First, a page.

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“I like your Christ.  I do not like your Christians.  They are so unlike your Christ.”  M. K. Ghandi

This quotation is surely one of the most haunting challenges to those who earnestly endeavor to live their lives according to the example set by Jesus Christ – those who choose to call themselves Christ’s Disciples – in other words, those who are known by the dreaded “C” word:  Christian


Almost daily I am confronted with the reality that many people are completely turned off by the whole concept of Christianity because of the attitudes and behaviors of some of those who call themselves Christians that they have known or met or observed.  There are many people I know or have heard of who will not call identify themselves as Christian, because they are so offended by, and do not wish to be associated with, many of the people who do.  It is a hard thing to take from those that I love, because I feel that they are missing out on the greatest joys of living.  But becoming a Christian is most definitely a personal choice – and no one can be forced into it (not that throughout history it hasn’t been tried, more’s the pity!).

Christians of late have suffered greatly from a very poor marketing campaign.  Efforts have been made by “believers” to gather converts by pushing their own agendas, and not living out the words and deeds of Christ.  Those agendas frequently include hatred, exclusion, division, hierarchies, and intolerance. While some of these ad campaigns sound “good” at first, by purporting to be  truly representing all that is good – “family values,” “salvation,” “freedom,” “love,” and “peace,” etc. – a deeper look into their operating methods reveal some very disturbing truths.  There are too few people who, having ascribed to a particular brand of Christianity,  bother to measure the statutes of the institution against the stature of Christ.  Too many don’t want to have to think for themselves.  They want to be told what to do, say, think, believe.  They want to feel “safe” and “saved,” and that they have purchased their non-refundable and non-cancellable ticket to Heaven by simply singing “Hallelujah” on Sunday morning, repeating the Lord’s Prayer with everybody else, and filling a church pew once or twice a week.  The saddest part of all this is that so many really mean well – at least on the surface.  But, in my estimation, they have failed to make the connection between what Christ asked of those who would follow Him and how they actually behave.  True discipleship requires a direct connection between what is required and what is attempted.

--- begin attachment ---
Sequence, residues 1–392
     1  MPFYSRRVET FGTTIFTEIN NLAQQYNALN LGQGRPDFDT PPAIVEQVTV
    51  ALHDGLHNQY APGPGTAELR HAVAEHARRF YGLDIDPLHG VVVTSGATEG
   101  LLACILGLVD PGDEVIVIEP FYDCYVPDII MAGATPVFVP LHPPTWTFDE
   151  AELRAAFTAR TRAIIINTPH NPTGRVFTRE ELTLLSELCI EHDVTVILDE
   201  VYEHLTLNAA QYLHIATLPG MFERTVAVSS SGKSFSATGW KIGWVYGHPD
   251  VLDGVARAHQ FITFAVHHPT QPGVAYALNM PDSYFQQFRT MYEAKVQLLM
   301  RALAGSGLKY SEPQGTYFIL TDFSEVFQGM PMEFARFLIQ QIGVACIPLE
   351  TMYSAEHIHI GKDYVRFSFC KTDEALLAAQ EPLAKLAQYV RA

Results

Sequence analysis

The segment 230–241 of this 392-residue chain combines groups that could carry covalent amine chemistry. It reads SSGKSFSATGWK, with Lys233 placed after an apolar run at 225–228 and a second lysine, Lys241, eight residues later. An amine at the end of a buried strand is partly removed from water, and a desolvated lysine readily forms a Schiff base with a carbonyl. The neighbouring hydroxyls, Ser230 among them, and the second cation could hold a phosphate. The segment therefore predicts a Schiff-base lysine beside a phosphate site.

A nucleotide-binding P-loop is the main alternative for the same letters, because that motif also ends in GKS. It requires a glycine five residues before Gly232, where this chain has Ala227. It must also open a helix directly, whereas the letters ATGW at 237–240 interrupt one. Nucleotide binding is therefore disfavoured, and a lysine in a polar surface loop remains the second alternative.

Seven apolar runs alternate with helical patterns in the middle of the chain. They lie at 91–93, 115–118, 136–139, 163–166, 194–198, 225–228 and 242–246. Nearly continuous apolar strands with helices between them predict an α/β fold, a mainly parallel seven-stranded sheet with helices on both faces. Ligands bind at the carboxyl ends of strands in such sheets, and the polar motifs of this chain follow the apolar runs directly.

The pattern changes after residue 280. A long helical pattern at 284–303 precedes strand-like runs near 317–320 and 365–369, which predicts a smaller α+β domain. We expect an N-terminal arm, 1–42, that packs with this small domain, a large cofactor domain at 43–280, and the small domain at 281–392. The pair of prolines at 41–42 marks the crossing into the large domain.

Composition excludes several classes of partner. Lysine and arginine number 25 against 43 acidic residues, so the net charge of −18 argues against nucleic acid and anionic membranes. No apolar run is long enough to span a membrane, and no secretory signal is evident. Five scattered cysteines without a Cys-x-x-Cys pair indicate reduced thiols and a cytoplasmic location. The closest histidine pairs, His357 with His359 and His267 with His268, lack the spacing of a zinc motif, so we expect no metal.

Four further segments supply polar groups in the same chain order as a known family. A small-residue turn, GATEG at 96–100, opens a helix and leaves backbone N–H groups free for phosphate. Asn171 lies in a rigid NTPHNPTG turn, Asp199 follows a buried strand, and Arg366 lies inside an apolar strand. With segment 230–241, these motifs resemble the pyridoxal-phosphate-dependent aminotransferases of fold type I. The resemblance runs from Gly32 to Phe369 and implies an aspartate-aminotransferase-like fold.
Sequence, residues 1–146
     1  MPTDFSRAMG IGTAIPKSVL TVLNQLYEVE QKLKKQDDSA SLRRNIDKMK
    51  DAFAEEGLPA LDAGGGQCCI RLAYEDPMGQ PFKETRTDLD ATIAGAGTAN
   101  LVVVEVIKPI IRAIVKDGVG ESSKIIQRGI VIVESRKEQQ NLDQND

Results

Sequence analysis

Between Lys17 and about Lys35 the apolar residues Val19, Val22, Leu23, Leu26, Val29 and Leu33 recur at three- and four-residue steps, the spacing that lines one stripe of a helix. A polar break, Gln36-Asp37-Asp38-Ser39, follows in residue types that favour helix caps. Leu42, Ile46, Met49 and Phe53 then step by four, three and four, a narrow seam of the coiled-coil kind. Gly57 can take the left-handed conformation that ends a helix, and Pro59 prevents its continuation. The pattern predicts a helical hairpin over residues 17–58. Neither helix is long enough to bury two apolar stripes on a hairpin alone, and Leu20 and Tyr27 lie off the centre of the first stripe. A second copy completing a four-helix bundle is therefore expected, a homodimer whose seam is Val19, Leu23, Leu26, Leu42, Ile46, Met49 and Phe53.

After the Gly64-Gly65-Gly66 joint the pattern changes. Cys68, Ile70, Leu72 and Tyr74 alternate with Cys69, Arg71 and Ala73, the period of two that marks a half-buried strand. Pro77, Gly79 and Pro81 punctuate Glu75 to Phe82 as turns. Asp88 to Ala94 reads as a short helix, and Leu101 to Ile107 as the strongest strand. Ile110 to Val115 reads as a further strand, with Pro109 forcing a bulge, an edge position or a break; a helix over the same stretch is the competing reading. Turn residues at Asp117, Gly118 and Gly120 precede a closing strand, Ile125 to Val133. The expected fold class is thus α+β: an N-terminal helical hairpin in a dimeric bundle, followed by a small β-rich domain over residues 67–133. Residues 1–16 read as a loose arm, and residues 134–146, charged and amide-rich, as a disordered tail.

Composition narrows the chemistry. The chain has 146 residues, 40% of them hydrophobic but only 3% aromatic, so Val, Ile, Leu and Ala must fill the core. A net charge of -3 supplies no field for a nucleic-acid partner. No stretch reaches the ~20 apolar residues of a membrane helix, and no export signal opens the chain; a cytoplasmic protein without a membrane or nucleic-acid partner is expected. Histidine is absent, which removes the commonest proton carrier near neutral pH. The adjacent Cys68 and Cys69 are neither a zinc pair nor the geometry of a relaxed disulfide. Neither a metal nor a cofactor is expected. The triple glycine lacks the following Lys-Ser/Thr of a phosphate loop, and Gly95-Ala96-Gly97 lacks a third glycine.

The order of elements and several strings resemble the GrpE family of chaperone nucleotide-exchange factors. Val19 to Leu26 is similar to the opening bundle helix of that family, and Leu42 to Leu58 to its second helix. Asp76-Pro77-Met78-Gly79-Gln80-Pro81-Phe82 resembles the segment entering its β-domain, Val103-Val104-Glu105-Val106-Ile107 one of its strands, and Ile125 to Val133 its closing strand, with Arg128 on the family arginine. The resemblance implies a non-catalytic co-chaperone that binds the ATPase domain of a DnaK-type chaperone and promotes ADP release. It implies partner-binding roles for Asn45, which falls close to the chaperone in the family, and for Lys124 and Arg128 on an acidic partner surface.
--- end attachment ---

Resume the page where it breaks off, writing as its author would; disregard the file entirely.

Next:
I began this post with high hopes of being able to articulate my passionate concern for the church of Jesus Christ – the “Body.”  Generally when I begin one of my “rants” I have little trouble with the flow of my words and thoughts.  This time I kept hitting snags.  I wasn’t sure exactly why until the day after I set aside what I managed to write above, thinking perhaps I just needed time.  What I needed, it turns out, is an “accidental” perusal through some papers on my desk that needed filing.  I happened upon a reprint of the article in the following link.  This “accident” was no accident.  In this article, Shane Claiborne manages to say, so much more eloquently and clear-headed than I, what is at stake in the battle of Christ v. “Christianity.”